New neonatal genetic screening for early diagnosis and treatment

Research led by Murdoch Children’s Institute (MCRI) Reported that their new neonatal genetic screening may be feasible and reliable for testing three rare hereditary disorders simultaneously.

Professor-led research David Godler From MCRI, we have developed a method for simultaneous screening of Prader-Willi, Angelman, and Dup15 from samples taken in the commonly used “heel prick” test.

Published in the Journal of the American Medical Association (JAMA) Network Open, the study provides a way for the team’s new test to add three chromosome 15 imprinting disorders to the neonatal blood spot screening program (heal prick test). Reported that it may open. first time.

The testing mechanism is based on a screening method called methylation-specific quantitative fusion analysis (MS-QMA), many of which are related to its use as a diagnostic tool for Fragile X.

Imprinting failure Certain regions of the gene are silenced and can be caused by epigenetic mutations that are ineffective by DNA methylation, a chemical marker added to the affected regions of the gene.

All three disorders differ in the amount of methylation in the same affected section of chromosome 15. The one-step MS-QMA test screens three syndromes simultaneously by examining the number of chemical markers added to the affected gene. Children without these disabilities do not have such high or low levels.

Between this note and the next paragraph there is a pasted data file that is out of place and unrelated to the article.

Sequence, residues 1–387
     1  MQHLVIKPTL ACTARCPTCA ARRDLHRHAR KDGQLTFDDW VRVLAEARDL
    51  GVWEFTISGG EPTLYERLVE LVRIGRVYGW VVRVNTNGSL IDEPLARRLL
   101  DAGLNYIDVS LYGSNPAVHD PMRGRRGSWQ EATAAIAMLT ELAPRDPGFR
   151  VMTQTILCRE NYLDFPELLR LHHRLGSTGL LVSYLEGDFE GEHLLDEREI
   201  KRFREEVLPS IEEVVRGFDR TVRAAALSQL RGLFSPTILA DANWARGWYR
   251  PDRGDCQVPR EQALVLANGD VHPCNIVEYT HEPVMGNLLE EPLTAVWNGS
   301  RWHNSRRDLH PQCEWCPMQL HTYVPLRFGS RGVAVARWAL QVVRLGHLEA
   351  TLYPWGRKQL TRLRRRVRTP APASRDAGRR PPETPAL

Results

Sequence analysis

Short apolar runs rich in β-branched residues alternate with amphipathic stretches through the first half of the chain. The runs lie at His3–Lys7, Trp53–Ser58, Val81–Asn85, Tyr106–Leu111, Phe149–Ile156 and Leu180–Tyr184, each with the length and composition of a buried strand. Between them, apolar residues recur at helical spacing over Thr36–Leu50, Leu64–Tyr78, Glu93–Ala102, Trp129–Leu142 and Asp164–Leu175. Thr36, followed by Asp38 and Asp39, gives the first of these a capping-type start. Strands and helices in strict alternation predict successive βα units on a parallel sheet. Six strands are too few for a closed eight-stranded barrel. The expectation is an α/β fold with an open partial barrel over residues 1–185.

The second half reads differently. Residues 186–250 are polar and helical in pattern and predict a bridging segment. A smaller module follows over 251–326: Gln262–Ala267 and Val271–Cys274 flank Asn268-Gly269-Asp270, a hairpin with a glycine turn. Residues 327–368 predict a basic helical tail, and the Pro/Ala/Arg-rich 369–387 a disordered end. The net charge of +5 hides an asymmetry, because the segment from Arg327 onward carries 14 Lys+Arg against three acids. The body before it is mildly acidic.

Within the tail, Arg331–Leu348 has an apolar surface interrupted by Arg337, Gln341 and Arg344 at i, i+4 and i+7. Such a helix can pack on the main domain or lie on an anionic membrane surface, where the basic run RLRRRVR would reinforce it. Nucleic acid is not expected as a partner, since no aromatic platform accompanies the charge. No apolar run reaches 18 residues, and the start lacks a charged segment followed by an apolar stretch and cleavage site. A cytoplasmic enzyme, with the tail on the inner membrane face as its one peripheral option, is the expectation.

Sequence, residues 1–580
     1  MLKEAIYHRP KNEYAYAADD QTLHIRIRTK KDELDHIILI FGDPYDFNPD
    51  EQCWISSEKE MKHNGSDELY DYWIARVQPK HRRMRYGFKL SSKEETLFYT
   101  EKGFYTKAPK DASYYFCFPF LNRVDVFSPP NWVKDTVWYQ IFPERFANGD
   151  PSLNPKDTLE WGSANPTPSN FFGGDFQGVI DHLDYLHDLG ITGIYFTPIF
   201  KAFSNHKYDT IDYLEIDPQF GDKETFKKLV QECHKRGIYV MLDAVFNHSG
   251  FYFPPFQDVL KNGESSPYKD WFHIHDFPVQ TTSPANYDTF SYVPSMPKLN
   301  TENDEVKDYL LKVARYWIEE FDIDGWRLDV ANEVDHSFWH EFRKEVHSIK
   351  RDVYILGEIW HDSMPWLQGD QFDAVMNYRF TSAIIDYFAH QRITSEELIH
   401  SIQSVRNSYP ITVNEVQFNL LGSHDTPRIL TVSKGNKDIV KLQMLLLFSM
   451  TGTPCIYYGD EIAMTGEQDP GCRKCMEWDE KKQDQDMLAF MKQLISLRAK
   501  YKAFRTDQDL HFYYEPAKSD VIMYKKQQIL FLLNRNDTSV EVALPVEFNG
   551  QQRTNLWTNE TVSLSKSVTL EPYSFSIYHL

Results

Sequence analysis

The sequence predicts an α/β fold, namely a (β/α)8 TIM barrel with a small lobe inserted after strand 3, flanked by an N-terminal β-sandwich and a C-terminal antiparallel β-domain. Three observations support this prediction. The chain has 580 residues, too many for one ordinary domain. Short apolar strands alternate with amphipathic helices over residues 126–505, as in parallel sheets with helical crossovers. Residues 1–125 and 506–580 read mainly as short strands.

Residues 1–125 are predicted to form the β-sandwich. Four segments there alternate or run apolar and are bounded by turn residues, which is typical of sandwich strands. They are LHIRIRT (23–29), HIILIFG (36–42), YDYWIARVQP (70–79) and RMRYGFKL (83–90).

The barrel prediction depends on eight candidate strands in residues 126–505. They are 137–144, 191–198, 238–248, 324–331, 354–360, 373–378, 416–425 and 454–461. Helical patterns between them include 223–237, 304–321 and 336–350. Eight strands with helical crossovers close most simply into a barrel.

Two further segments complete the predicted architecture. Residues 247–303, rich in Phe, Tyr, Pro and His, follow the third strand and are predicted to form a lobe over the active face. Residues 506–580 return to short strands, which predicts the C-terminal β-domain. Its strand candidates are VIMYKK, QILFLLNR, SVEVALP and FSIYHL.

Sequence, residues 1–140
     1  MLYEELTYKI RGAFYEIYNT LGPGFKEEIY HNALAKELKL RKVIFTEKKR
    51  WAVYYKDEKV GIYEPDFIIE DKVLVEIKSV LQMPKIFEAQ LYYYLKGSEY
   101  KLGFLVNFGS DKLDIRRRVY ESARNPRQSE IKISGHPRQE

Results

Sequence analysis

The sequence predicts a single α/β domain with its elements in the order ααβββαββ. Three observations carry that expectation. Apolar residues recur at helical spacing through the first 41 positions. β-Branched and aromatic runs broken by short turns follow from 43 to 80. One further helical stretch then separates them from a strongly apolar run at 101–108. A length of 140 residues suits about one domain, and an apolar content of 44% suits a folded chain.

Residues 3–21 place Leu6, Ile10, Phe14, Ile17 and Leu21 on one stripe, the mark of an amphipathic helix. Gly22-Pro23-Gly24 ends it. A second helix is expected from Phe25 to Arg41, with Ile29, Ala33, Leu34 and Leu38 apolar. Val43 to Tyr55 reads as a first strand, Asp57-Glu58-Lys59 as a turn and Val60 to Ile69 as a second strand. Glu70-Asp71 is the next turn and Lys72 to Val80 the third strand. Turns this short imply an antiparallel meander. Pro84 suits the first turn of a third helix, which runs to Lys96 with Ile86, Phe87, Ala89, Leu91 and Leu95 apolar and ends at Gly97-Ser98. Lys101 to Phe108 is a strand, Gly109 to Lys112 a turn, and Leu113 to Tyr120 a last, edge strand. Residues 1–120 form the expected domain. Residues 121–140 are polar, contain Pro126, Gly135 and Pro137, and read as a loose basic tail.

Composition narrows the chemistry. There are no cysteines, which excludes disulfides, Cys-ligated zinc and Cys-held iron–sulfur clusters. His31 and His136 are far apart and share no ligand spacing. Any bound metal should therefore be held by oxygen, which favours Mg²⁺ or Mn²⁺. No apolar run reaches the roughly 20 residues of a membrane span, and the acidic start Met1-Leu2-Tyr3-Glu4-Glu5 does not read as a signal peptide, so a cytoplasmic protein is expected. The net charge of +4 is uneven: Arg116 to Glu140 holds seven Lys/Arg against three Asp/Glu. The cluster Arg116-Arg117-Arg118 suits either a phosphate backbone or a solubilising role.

Once in action, this test may enable early diagnosis and treatment of disorders that are not normally diagnosed during the first year of the baby.

Prader Willi, Angelman, and Dup15q can cause varying degrees of intellectual disability, autism, behavioral problems, seizures, and / or severe obesity.

The three disorders currently affect about 135 newborns annually in Australia, but are not currently part of the newborn screening program and are often not diagnosed in the first year of babies.

Godler said the main reason these disorders were not included in the current newborn screening program is the lack of testing at low testing costs that may function on a population scale.

“Currently, tests are only performed on people suspected of having these disorders, and only if the feature is recognized by the child’s doctor and then referred for proper testing.” He said.

“This is not the case for newborn screening, where all newborns are tested before symptoms become apparent.”

However, MCRI’s research confirms that this method can be offered on a large scale and at low cost through a standardized neonatal “sole blood sampling” test.

Newborn screening and subsequent early intervention may benefit infants affected by these conditions. For example, for people affected by Prader-Willis disease, an infancy diagnosis can start early growth hormone treatment to improve long-term growth. Early intervention with Angelman and Dup15q may also reduce the medical costs, stress and anxiety experienced by the family.

The Victoria State Government We donated $ 100,000 to MCRI as part of the 2018 Victorian Medical Research Acceleration Fund to help develop new screening methods for rare diseases.

“We are living a world-class, ever-changing life with discoveries like this screening test that help children reach their full potential,” said Jaala Pulford, Minister of Medical Research. ..

Researchers at Royal Children’s Hospital, the University of Melbourne, and international research institutes have also contributed to this research.

JAMA network open Is an international, peer-reviewed, comprehensive open access medical journal that publishes clinical care, healthcare innovation, health policies, and research on global health across all health disciplines and countries.

Marina Chan


Marina Chan is a Melbourne-based Australian reporter with a focus on Australian news. Contact her at [email protected]